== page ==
Cities of the future – to be compact, connected, co-ordinated

Urban sprawl chokes cities. That was a key takeaway for me from a responsible investment conference I attended  earlier this year. If we want to help reduce carbon emissions we need the cities we build today to be compact, connected and co-ordinated. The greater the area of a city the higher the costs, not just in terms of monetary value, but also in carbon emissions. For example, as the following chart shows, Atlanta in the US and Barcelona in Spain have similar populations and wealth, but with the area of Atlanta over five times that of Barcelona, their carbon productivities are very different. Barcelona has employed smart infrastructure and smart utilities, the city’s grid system has optimised transportation routing and scheduling, while other initiatives have reduced energy usage.

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I believe this is a huge opportunity for infrastructure spending in emerging markets, which is expected to account for two-thirds of total infrastructure spending over the next 20 years. More infrastructure is expected to be built in the next 20 years than the existing stock, which has been built over the last century. With 60% of carbon emissions coming from vehicle use, creating more concentrated cities combined with alternative energy sources and new technologies (electric cars, energy storage etc), is surely the way ahead. Cities could be planned to take account of higher population densities and to reduce emissions levels. The era in which cities are built often dictates their design and structure. For example, European cities that developed mass rail transit systems at the turn of the last century look very different from the automotive cities and suburban sprawls in Australia and the US that were built in the post-WW2 era.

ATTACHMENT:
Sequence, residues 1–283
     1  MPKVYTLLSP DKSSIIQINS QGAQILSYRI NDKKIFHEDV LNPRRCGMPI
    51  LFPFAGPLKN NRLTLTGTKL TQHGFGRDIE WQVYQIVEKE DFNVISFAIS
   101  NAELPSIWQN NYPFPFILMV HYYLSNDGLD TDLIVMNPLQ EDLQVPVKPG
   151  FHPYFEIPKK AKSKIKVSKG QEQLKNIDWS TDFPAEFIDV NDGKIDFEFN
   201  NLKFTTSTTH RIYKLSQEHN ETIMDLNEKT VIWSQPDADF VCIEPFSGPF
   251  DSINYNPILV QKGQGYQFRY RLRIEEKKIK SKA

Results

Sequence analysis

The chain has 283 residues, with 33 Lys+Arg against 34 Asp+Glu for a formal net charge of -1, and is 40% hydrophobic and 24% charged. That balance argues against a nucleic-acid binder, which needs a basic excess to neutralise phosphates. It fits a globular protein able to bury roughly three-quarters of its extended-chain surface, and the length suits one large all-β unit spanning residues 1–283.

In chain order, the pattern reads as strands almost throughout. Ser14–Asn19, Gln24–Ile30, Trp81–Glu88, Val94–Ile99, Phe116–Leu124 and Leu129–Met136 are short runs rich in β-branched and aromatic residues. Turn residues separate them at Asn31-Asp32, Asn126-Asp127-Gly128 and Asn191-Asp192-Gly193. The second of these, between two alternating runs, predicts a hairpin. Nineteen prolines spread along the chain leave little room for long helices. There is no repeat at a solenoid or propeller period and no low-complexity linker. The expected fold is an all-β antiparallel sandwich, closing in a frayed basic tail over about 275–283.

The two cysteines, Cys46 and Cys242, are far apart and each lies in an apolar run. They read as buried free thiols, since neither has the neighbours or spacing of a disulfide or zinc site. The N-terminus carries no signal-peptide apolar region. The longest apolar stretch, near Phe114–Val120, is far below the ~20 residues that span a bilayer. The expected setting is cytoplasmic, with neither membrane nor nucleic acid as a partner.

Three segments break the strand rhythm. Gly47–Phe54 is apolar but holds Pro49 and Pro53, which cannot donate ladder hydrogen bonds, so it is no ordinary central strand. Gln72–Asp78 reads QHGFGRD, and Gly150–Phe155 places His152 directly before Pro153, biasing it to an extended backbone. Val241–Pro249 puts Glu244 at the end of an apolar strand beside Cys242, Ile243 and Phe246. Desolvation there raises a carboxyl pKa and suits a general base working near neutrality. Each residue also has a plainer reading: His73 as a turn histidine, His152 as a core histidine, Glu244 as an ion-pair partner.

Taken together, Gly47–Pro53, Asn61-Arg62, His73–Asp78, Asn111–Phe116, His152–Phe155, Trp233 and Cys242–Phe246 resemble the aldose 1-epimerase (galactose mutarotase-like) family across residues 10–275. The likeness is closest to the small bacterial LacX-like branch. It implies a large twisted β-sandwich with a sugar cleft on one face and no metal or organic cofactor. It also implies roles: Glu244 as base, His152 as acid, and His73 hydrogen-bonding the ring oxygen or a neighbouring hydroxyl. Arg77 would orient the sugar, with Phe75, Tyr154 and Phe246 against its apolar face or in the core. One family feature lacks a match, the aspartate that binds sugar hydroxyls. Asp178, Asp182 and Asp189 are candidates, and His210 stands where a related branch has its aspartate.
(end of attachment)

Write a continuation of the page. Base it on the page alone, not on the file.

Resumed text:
Well-planned future cities in highly populated emerging economies should also prioritise more efficient use of space and energy via better linked infrastructure and communication technology. There is a great opportunity to design a flexible, efficient structure into which technological developments can easily be incorporated. This is particularly true when it comes to energy, where the costs of solar and wind energy have plummeted to the point where they are dropping below the equivalent gas or coal production costs.

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One major challenge in renewables to date has been the lack of development within energy storage, being able to manage the peaks and troughs of demand without having electricity ‘on tap’. However, the technology is catching up. Solar technology allows for localised power generation near to or at the site where it is being consumed. Costs of storage technologies, particularly lithium-ion batteries, are continuing to fall steadily, while their storage capacity and flexibility to use the stored power as and when needed, is increasing. This brings storage solutions within reach of end consumers.

Entire power systems can be built differently. We have traditionally built the electricity grid around the premise that power generation will be generated on a national level and can be located far away from population centres. But the alternative of having some distributed resources generating power near population centres, together with centralised resources, should reduce the overall need for transmission and distribution infrastructure. New cities using distributed energy will need far fewer wires and a lot less capital investment for that part of the grid, as an increasing amount of power generation will be sourced at the point of consumption.

Managing growing cities and their supply of resources is a formidable task that places heavy demands on infrastructure and the environment. However, with the technologies available today there is a huge opportunity to achieve more efficient outcomes for less capital expenditure, creating smarter cities for the future.


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